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A Dual Path Spending Strategy Helps CRF Recipients Navigate Federal Funding Uncertainty

Articles & Insights Oct 29 2020

Matt Erchull, Senior Consultant, Witt O’Brien’s

The federal government allocated $150 billion through the Coronavirus Aid, Relief, and Economic Security (CARES) Act Coronavirus Relief Fund (CRF) to offset the costs related to planning and implementing COVID-19 response programs. CRF has proven to be a significant remedy for resource-strapped local governments, with many recipients receiving hundreds of millions of dollars.

CRF funding recipients must spend their allocated funds on expenses incurred and services rendered by December 30, 2020. There is no opportunity to prepay for services, so funds not spent by the deadline are at risk of being taken back by the U.S. Treasury Department. The push to spend CRF funds quickly and appropriately has been exacerbated by continued changes in federal guidance on expense eligibility. Expenditures deemed non-eligible in an audit are also at risk, so jurisdictions must be hyper-focused on staying abreast of shifts in eligibility rules and reporting requirements.

Compounding this uncertainty is an assumption that the Treasury Department will grant an extension to the spending deadline. This decision cannot be made administratively by Treasury. It will require an act of Congress. There is consensus on both sides of the aisle that an extension is warranted, but no action has been taken to date. This predicament obliges CRF recipients to take a chance: spend their full allocation within the deadline – potentially on nonpriority activities - or hold on to funds in hopes that the deadline is extended.

As they grapple with their expenditure dilemma, CRF recipients continue to face significant resource strain in managing overall CARES Act funding. For that reason, many jurisdictions are augmenting their CRF expenditure management efforts with expert consultants like Witt O’Brien’s that bring greater breadth and depth in federal COVID-19 funding. The firm provides internal funding program experts as well as external auditors, who can manage every aspect of CRF cost reimbursement, including expenditure tracking, eligibility compliance and reporting.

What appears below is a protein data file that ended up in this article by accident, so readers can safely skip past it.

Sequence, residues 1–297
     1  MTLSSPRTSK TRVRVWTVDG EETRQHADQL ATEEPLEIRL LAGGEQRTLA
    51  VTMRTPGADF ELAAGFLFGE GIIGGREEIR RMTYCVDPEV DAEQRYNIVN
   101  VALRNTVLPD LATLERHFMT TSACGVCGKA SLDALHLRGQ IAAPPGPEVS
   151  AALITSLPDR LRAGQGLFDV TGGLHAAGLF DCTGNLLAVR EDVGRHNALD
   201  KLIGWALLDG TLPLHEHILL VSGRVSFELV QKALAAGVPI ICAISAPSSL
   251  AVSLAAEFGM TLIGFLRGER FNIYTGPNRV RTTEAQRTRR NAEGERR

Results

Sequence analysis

Witt O’Brien’s consultants are helping CRF recipients develop dual path strategies for their CRF spending plans that optimize reimbursement for existing qualified COVID-19-related expenses, while ensuring the flexibility to pivot quickly to longer range plans if an extension is granted. An effective dual path strategy comprises the following essential elements:

Reimbursement rapid deployment capability

Witt O’Brien’s experts have developed hundreds of funding allocation plans and leverage that expertise to help CRF recipients quickly outline the essential tasks that must be completed between now and the end of the year and create an action plan to get them done. The firm also provides implementation support to help counties get plans up and running and manage expenses capture and reporting.

Uniform expense documentation and submission

Many CRF recipients have additional municipal entities, non-profit organizations, healthcare providers, schools and businesses that seek access to funds from their CRF allocation. Even if the recipient has a solid expenditure monitoring and reporting structure, sub-recipients often create their own tracking and reporting formats, which led to disjointed and disparate reporting formats. Further, if a sub recipient fails to spend funds appropriately or delivers incorrect reporting, the recipient is accountable for the expenditure and at risk if the funds are taken back.

Witt O’Brien’s is creating compliance and risk mitigation strategies such as standardized subrecipient agreements that define roles, responsibilities and reporting requirements, training for sub-recipients so they know what is expected of them and establishing a uniform financial review process.

Ability to pivot to a long-range plan